Good Deal or Not? “Dynamite brownstone duplex” Edition


This home is located at 1312 P Street, NW:

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The flier says:

“Dynamite brownstone duplex in turn-key condition, fabulously located in the heart of Logan Circle. Living room w fireplace, sep dining room, kitchen w granite, + pwdr room & coat closet on main level. Two master suites on 2nd! Great exterior entertaining space. You’ll never need a car again.”

You can find more info and photos here.

I think I’ve featured this house as HoTD before so it’s pretty sweet to see some inside photos. What do you think of this duplex? Does $595,000 sound reasonable for this 2 bed/2.5 bath?

27 Comment

  • I think it would be worth the price if it was the top two floors with the awesome balcony, rather than the ground floor and basement but the location is worth it.

  • Only way this a good deal, is if you really want to live in Logan Circle.

  • Sheesh, some people can be so clueless: this is NOT a brownstone! Those exist in New York, but we have never used that term south of the Mason and Dixon.

    Most importantly, it’s not even stone! It’s brick…

    • you realize that ALL old brownstones are made of brick, right?

      the brownstone is a facade.
      and when that facade is made of brownstone, then the house is called a brownstone.

      • Frankly, mah dear, you know not of what you speak. “Brownstone” is a vernacular term, used in New York, to connote a rowhouse made with a particular type of brown-colored stone (usually Portland Brownstone, quarried from Connecticut). Here in the District, while we have many old stone-faced rowhouses, we’ve never used the term “brownstone” to describe them. Anyone who uses the term “brownstone” for a brick rowhouse is not too bright.

  • Looks like a nice renovation, good space, and a fun location. Like Sully said, though, that seems more like top-floor pricing. I’d be worried to buy anything that was 50% below grade at that price.

  • Am I the only person who needs more than two bedrooms? Does no one else host overnight guests or need office space in their home?

  • Come on folks, buy now before you are priced out forever! Don’t you realize that DC is totally immune to macroeconomic fundamentals?! “Down” for the rest of the nation means “Up” here! Buy now!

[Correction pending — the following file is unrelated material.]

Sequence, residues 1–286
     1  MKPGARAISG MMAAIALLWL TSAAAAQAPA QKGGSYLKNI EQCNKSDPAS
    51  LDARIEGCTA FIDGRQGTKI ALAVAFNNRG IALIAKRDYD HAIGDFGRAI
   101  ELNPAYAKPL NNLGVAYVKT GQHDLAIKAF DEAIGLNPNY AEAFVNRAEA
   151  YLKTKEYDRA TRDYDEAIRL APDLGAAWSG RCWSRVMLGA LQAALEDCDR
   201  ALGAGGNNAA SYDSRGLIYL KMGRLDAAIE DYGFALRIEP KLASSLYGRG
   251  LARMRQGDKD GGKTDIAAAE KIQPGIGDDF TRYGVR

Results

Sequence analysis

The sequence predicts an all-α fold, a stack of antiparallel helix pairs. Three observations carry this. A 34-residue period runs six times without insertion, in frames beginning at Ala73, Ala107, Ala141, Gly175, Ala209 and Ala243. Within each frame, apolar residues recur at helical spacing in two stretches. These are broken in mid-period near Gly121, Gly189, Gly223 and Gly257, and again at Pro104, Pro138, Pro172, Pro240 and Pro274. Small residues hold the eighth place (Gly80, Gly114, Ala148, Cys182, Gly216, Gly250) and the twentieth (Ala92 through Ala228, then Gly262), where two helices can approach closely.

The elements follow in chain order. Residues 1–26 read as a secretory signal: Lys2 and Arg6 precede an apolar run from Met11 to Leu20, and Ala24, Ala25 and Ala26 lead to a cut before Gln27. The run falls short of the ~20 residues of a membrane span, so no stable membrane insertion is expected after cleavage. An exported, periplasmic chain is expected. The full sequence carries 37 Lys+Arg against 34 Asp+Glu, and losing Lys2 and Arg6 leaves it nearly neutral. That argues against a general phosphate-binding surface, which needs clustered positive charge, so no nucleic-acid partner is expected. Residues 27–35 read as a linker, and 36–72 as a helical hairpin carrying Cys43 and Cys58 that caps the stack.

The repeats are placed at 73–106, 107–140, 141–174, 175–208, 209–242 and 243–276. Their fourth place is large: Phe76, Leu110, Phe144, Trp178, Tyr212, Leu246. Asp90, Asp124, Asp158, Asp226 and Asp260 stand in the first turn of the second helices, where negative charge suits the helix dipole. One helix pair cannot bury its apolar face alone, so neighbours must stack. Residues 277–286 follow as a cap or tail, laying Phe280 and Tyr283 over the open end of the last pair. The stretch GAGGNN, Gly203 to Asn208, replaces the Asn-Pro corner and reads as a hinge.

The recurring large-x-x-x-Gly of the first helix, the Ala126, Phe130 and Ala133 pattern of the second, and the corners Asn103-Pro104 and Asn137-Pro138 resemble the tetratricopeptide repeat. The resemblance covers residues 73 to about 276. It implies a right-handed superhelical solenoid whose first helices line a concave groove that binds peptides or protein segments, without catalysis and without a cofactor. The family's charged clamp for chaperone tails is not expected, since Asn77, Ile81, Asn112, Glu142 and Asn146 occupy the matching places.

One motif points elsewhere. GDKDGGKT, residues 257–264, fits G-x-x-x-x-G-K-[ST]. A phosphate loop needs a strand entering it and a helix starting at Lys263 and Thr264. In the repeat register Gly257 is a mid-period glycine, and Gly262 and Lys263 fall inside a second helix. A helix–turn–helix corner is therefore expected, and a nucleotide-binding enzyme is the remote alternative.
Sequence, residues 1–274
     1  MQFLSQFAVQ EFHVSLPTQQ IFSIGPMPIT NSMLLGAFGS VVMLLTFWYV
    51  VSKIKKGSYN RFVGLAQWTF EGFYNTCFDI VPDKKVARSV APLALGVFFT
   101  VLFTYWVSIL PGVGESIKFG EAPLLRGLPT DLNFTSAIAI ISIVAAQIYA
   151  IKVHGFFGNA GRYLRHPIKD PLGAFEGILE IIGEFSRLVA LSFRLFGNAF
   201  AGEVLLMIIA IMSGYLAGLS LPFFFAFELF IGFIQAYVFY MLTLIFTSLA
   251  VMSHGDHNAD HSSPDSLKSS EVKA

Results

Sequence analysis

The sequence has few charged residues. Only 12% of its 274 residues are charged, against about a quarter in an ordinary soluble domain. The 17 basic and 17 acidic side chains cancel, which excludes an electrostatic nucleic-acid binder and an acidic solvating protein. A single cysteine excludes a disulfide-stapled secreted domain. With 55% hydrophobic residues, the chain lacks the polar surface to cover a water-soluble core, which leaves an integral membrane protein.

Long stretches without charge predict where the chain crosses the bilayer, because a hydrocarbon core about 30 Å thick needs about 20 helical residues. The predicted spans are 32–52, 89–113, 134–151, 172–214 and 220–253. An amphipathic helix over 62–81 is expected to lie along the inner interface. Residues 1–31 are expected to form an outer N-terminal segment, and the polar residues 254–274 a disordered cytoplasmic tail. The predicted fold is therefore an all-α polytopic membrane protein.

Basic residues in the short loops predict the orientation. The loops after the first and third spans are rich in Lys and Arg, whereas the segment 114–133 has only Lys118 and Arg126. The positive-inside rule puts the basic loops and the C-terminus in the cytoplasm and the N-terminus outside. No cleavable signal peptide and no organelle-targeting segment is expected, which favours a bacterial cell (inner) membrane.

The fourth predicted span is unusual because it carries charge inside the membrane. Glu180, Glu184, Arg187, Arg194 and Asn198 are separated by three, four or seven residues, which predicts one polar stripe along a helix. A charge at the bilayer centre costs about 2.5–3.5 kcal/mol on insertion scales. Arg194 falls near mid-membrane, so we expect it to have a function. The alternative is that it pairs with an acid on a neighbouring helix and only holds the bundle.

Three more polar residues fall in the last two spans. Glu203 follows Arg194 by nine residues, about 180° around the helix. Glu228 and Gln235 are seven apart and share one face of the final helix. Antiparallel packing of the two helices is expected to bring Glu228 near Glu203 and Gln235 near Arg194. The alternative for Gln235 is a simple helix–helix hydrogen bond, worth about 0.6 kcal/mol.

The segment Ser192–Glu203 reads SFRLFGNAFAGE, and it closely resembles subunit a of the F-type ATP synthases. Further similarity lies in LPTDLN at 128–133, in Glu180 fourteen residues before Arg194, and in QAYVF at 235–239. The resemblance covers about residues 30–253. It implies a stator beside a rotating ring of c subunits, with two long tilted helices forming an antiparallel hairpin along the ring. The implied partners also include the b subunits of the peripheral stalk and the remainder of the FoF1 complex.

Mortgage defaults hit record in 2009. (defaults in 2010 are expected to exceed those in 2009)

    Almost 3 million homeowners received at least one foreclosure filing during 2009, setting a new record for the number of people falling behind on their mortgage payments.

    RealtyTrac, the online marketer of foreclosed homes, reported that one in 45 households — or 2,824,674 properties nationwide — were in default last year. That’s 21% more than in 2008, and more than double 2007’s total.

    • What’s the matter Mr. or Ms. nice? Tired of losing out on bidding wars in your own hunt for a house?

      I don’t know whether DC is immune to macroeconomic fundamentals. I do know that the economic center of gravity has shifted to DC, so much so that office space is pricier here than in NYC. I do know that although this are has been hit by the recession, it’s doing much better than most of the country is. I do know that this is one of the best areas to look for a job. The federal government is one of the few employers actually hiring people.
      I really wouldn’t worry about the buyers of this place getting foreclosed on. The days of getting a half-million dollar mortgage based on your own verbal representation that you could afford it are gone. 20% down, a good enough job to make the payments, good credit scores is the new norm. (Actually, it was the old norm before the boom.) So even if, God forbid, the buyer of this home gets into trouble, the bank will have a $120,000 cushion to work with. So with a little luck (good luck for you, bad luck for the buyers), you might be able to steal this baby for about $470k in a couple of years.

    • What part of Up are you referring to? In 2006, you couldn’t get a shell west of the river for under 300k. Prices have come down considerable in most parts of the city. Foreclosures may not be up as much, because unlike the rest of the country, the demographics that bought these places largely tend to still have jobs

    • This is a company town, nice, and the company is foolish and dysfunctional, to be sure. It is run by spineless fools. But it is robust nonetheless, due to its can’t miss business strategy: “When times are good we take a big chunk of your money. When times are bad we take even more.”

      Owning property in the District is now what it has always been – better than money in the bank.

      • Buy now or be priced out forever! Take all the money you have in the bank, and buy property in DC! The municipal government and the services it provides are TOP NOTCH! You won’t be disappointed! Act Now!